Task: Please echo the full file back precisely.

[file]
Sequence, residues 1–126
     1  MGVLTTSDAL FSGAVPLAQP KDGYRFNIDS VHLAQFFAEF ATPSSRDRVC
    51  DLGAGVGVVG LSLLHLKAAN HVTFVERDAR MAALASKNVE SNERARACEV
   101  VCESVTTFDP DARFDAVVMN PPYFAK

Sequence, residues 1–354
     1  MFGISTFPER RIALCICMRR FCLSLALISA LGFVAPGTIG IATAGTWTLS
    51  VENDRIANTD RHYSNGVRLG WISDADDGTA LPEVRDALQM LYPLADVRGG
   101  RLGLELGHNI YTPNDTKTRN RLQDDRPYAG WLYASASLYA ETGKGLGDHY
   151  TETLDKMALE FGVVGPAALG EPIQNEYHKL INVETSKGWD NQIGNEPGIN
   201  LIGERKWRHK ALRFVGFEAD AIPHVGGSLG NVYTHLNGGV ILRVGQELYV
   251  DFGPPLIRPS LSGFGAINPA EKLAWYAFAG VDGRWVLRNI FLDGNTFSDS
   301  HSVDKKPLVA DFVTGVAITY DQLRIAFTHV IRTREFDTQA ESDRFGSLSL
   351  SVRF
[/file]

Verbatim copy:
Sequence, residues 1–126
     1  MGVLTTSDAL FSGAVPLAQP KDGYRFNIDS VHLAQFFAEF ATPSSRDRVC
    51  DLGAGVGVVG LSLLHLKAAN HVTFVERDAR MAALASKNVE SNERARACEV
   101  VCESVTTFDP DARFDAVVMN PPYFAK

Sequence, residues 1–354
     1  MFGISTFPER RIALCICMRR FCLSLALISA LGFVAPGTIG IATAGTWTLS
    51  VENDRIANTD RHYSNGVRLG WISDADDGTA LPEVRDALQM LYPLADVRGG
   101  RLGLELGHNI YTPNDTKTRN RLQDDRPYAG WLYASASLYA ETGKGLGDHY
   151  TETLDKMALE FGVVGPAALG EPIQNEYHKL INVETSKGWD NQIGNEPGIN
   201  LIGERKWRHK ALRFVGFEAD AIPHVGGSLG NVYTHLNGGV ILRVGQELYV
   251  DFGPPLIRPS LSGFGAINPA EKLAWYAFAG VDGRWVLRNI FLDGNTFSDS
   301  HSVDKKPLVA DFVTGVAITY DQLRIAFTHV IRTREFDTQA ESDRFGSLSL
   351  SVRF